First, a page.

In Chapter 4, I assess the evidence published between January 18, 2017 and July 1, 2019. I quantify the strength of association of the relation between maternal ZIKV infection and congenital adverse outcomes and between ZIKV infection and GBS. I found that the strength of association between ZIKV infection and adverse outcomes from case-control studies differs according to whether exposure to ZIKV is assessed in the mother (odds ratio (OR) 3.8, 95% CI: 1.7β8.7, I2=19.8%) or the foetus/infant (OR 37.4, 95% CI: 11.0β127.1, I2=0%). In cohort studies, the risk of congenital abnormalities was 3.5 times higher after ZIKV infection (95% CI: 0.9β13.5, I2=0%). The strength of association between ZIKV infection and GBS was higher in studies that enrolled controls from hospital (OR: 55.8, 95% CI: 17.2-181.7, I2=0%) than in studies that enrolled controls at random from the same community or household (OR: 2.0, 95% CI: 0.8β5.4, I2=74.6%). The heterogeneity between the studies could be partly explained by the heterogeneity in methods and sampled populations. Studies suffered from bias and uncontrolled residual confounding.
In Chapter 5, I present a framework to systematically assess the evidence for ZIKV as a sexually transmitted disease. I reviewed all available literature and concluded that the risk of sexual transmission of ZIKV is likely small, but relevant for certain risk groups. I found that in semen viral RNA could be detected for a median period of 34 days (95% CI: 28β41 days) and 35 days (no CI given) based on two cohort studies. Aggregated data about detection of ZIKV RNA from 37 case reports and case series indicate a median duration of 40 days (95% CI: 30β49 days) and a maximum duration of 370 days in semen. In human vaginal fluid, the median duration was 14 days (95% CI: 7β20 days) and the maximum duration was 37 days. Infectious virus in human semen was detected for a median duration of 12 days (95% CI: 1β21 days) and a maximum of 69 days. I highlight the poor quality of the evidence and the need for systematic observational studies that evaluate the risk of sexual transmission of ZIKV.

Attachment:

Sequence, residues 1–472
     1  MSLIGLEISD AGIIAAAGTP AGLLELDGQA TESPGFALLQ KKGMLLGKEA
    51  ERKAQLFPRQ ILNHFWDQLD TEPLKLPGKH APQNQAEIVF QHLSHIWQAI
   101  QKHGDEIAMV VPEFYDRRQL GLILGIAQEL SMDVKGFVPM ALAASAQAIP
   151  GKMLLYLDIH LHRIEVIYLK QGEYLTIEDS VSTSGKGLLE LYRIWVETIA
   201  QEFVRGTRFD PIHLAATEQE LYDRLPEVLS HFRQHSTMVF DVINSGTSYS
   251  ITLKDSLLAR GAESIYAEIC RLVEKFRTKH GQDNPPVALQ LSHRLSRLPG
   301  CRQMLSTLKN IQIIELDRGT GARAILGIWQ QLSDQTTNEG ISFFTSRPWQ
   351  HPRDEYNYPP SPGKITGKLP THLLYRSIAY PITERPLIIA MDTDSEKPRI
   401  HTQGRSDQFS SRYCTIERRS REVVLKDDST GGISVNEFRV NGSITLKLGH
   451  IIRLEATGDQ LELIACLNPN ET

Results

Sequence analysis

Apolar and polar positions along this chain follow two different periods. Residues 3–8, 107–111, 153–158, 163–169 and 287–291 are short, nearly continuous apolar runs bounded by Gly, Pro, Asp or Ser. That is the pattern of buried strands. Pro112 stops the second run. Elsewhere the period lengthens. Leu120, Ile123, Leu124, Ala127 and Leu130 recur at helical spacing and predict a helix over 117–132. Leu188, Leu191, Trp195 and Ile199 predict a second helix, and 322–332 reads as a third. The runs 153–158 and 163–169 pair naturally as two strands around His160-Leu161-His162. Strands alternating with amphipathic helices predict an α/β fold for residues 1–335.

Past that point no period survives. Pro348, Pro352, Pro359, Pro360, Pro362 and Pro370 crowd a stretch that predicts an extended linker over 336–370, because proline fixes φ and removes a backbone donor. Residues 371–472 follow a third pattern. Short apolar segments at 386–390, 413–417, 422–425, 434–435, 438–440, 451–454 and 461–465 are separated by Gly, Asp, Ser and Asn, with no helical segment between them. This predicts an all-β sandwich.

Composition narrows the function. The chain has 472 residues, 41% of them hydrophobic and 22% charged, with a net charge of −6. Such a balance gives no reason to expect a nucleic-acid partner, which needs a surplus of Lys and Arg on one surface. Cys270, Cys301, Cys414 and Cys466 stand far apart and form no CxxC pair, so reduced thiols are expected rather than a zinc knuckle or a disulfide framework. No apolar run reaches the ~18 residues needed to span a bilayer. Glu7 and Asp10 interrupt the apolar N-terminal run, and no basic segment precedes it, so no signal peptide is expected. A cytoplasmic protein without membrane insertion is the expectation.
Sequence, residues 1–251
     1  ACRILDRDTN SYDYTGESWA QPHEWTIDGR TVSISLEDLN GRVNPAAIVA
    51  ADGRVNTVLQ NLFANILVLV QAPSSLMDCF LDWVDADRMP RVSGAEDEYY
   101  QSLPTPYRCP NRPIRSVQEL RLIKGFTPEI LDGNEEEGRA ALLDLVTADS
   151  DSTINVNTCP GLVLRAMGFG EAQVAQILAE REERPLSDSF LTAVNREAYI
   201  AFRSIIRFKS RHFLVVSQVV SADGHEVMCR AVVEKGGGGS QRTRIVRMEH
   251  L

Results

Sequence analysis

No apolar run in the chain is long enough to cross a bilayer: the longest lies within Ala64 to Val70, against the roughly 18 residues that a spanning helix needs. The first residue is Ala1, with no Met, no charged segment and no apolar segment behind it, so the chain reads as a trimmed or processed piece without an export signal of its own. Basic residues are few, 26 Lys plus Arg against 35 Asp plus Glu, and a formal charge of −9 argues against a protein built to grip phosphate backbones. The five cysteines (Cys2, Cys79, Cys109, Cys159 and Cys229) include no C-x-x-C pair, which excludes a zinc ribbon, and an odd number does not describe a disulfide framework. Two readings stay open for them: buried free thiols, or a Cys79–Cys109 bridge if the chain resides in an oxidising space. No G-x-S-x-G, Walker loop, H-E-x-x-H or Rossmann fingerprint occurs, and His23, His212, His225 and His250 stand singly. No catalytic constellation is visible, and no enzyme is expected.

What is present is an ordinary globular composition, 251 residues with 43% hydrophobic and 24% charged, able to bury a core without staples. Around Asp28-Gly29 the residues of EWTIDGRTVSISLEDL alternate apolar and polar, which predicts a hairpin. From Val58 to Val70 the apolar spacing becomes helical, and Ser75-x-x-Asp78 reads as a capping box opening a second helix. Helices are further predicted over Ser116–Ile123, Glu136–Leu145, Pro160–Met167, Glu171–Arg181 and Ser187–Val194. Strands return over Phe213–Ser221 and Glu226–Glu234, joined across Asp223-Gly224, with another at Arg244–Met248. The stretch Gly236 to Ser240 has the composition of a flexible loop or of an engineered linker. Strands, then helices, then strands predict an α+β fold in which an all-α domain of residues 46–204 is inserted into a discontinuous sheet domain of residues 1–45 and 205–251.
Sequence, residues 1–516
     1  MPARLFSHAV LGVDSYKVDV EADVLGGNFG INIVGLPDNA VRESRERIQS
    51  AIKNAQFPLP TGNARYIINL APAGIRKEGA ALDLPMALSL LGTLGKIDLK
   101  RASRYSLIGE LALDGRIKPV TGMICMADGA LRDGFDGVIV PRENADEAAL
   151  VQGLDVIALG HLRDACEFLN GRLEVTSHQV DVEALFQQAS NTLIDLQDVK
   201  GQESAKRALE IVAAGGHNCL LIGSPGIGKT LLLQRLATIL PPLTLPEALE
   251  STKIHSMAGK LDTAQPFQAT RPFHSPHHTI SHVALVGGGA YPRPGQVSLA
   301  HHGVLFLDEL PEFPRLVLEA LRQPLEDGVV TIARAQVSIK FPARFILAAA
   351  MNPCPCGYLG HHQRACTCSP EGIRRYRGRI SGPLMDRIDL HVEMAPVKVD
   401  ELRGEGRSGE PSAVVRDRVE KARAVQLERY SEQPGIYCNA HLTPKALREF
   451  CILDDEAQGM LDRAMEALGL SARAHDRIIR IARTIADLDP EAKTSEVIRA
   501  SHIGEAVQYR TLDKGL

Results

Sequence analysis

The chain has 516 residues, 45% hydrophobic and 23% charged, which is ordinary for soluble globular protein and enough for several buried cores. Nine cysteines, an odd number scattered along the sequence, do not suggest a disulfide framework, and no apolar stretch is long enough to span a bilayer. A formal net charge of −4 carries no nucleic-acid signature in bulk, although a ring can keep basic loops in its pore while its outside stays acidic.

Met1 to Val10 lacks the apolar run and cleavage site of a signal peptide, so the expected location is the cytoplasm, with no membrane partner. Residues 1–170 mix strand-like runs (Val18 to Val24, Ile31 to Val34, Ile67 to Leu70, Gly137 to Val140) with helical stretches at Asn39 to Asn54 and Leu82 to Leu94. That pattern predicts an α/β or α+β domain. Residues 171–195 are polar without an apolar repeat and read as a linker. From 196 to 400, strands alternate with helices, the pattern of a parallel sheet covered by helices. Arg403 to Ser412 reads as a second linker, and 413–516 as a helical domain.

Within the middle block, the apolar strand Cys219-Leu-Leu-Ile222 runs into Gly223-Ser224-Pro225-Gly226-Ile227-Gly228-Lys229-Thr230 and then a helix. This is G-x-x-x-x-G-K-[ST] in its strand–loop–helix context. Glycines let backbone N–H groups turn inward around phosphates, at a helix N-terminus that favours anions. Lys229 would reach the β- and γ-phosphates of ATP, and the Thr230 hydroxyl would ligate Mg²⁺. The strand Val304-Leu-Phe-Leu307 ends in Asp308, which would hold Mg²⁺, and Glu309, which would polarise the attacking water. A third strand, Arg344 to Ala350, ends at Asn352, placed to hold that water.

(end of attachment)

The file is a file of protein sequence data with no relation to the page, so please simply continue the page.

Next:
In Chapter 6, I present predictions on the future risk of ZIKV, based on data from Managua, Nicaragua, using mathematical modelling. The risk of a new outbreak in the next decades is low due to herd immunity. However, a next outbreak will disproportionally hit people in the young reproductive age hardest (age 15β29 years). Vaccination could curb this risk: Early introduction of vaccination in 15-year-old girls has the capacity to extend the herd immunity and be of benefit to the whole population. Introduction of a vaccine needs to happen within a decade after the 2016 outbreak to achieve this protection. The duration of immunity following ZIKV infection has impact on the speed at which outbreaks will reoccur.
In Chapter 7, I present an overview of the main findings and I discuss the interpretation and implications of these results. I discuss the strengths and limitations of the work, and outline follow-up questions emerging from the work.
In this thesis, I establish and use different frameworks and methods that help to make sense of the limited evidence that is available during disease outbreaks. ZIKV has been introduced on the American continent, and it is likely there to stay, thus we have to accept that ZIKV will continue to re-emerge. At the same time, due to the climate change, the European temperate region also becomes more suitable for vector-borne disease such as ZIKV. With the ZIKV epidemic on the wane, we now have time to consolidate findings and implement the lessons learnt. We need to be prepared for the re-emergence of ZIKV but also for the emergence of new diseases. The tools and methods I present in this thesis, will help us to be more prepared for a next outbreak.